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Electrical Safety:

Electric Shock Drowning: (ESD)

The danger of electrocution in the water near boats and marinas.



Electrical systems on boats are the major cause of boat fires, but they also cause other problems leading to serious injuries or death.  Electric Shock Drowning, is one of these. ESD unfortunately seems to kill or injure far more children than adults. The above video is by Kevin Ritz whose son Lucas was killed by ESD. Since then he has become the leading expert on this insidious problem and has helped to prevent many deaths that might otherwise have occurred. See Electric Shock Drowning Prevention Association

ESD is caused by faulty alternating current circuits leaking 120 volt electricity into the water. The source is faulty wiring on the boat or on the dock.  It occurs primarily in fresh water because of fresh water's high resistance to current flow.  It rarely happens in salt water because of its' low resistance to current flow.  It occurs most often at marinas with electrical hookups or boats with Alternating Current Systems.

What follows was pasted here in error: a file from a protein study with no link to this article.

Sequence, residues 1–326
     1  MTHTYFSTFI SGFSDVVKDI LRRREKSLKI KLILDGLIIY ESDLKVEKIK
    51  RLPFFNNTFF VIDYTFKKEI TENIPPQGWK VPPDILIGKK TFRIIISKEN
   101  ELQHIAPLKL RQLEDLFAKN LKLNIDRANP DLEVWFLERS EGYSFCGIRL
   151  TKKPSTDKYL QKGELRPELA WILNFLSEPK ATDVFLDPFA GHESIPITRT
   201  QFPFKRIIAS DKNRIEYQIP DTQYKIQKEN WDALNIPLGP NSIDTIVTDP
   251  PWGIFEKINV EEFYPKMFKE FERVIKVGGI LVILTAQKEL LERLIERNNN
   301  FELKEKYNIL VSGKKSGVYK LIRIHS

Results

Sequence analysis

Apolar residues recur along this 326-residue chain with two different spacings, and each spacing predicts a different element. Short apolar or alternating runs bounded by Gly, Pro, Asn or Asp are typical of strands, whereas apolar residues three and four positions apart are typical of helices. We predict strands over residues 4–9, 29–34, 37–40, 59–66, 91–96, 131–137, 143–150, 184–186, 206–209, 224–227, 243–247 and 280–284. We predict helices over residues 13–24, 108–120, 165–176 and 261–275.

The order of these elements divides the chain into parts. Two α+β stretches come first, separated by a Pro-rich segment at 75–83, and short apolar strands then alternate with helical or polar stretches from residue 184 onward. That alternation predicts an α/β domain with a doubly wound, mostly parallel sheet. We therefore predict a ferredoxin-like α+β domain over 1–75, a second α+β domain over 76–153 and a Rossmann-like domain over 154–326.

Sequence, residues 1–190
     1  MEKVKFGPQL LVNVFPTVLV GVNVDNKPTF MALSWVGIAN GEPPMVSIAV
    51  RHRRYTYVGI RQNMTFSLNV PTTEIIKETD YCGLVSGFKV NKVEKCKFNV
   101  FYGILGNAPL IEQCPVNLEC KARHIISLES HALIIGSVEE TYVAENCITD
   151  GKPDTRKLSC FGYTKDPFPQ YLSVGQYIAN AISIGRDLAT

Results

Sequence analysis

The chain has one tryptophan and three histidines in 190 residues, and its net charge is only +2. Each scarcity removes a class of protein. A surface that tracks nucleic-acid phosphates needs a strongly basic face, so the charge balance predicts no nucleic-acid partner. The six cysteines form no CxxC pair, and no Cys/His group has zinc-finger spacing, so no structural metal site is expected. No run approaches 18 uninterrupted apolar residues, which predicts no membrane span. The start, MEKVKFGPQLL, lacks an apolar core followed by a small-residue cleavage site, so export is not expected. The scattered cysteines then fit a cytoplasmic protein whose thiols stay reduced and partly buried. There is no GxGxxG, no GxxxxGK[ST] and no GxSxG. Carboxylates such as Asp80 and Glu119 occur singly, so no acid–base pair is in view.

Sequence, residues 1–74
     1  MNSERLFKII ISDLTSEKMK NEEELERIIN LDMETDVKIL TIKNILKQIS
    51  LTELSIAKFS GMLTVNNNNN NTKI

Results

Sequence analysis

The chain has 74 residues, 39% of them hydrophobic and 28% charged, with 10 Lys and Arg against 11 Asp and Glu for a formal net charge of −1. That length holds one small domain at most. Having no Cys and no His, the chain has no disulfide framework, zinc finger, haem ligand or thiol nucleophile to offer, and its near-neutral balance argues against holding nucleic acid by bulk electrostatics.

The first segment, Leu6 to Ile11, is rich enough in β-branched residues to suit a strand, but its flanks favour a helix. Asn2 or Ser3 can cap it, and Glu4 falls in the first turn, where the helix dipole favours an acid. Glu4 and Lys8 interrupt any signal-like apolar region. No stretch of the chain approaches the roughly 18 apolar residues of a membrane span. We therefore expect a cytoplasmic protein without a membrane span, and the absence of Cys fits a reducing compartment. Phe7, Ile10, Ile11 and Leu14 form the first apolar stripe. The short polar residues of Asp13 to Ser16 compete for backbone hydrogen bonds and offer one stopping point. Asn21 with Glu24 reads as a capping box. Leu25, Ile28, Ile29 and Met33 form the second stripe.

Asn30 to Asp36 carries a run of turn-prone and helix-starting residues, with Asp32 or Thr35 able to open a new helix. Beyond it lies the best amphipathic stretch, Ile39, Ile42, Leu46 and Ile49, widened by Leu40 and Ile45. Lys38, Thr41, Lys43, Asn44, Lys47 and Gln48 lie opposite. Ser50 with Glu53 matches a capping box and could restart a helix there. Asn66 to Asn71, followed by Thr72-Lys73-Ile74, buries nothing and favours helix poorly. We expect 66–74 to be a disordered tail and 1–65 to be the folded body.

Boatbuilders have no control over the wiring on the dock. (however, the dock should be wired in accordance with NFPA 303. )  But they do have control over the wiring on their boats.  Builders must follow the USCG ( and ABYC ( Or ISO standards for electrical systems.  They also need to put information in the owners manual about Electric Shock Drowning and why it is so important that boat owners not alter the electrical system without the assistance of a certified marine electrician.

Any boat with AC systems should have:

A galvanic isolator or an isolation transformer;

An ELCI (Electrical Leakage Circuit Interrupter);

See for info on Isolation Transformers and ELCI;

All boats should be wired in accordance with ABYC standard E-11 ( for Electrical Systems on Boats.


The Owners Manual for a boat with an Alternating Current System and shore power should include:

NEVER SWIM AT A MARINA!  or at any dock with electrical power.

Do not let children swim off a boat that is hooked up to AC or has a generator running (not to mention the problem of carbon monoxide from the generator exhaust).  If you touch metal on your boat or on the dock and get a shock or even a tingling immediately shut everything off and have an electrician check it out.  You must do the same thing if you suspect the shore power hookup, or get a reverse polarity alarm from the shore tie. Also, many boats now have an ELCI circuit interrupter in the shore power connection. If it trips it is time to call the electrician.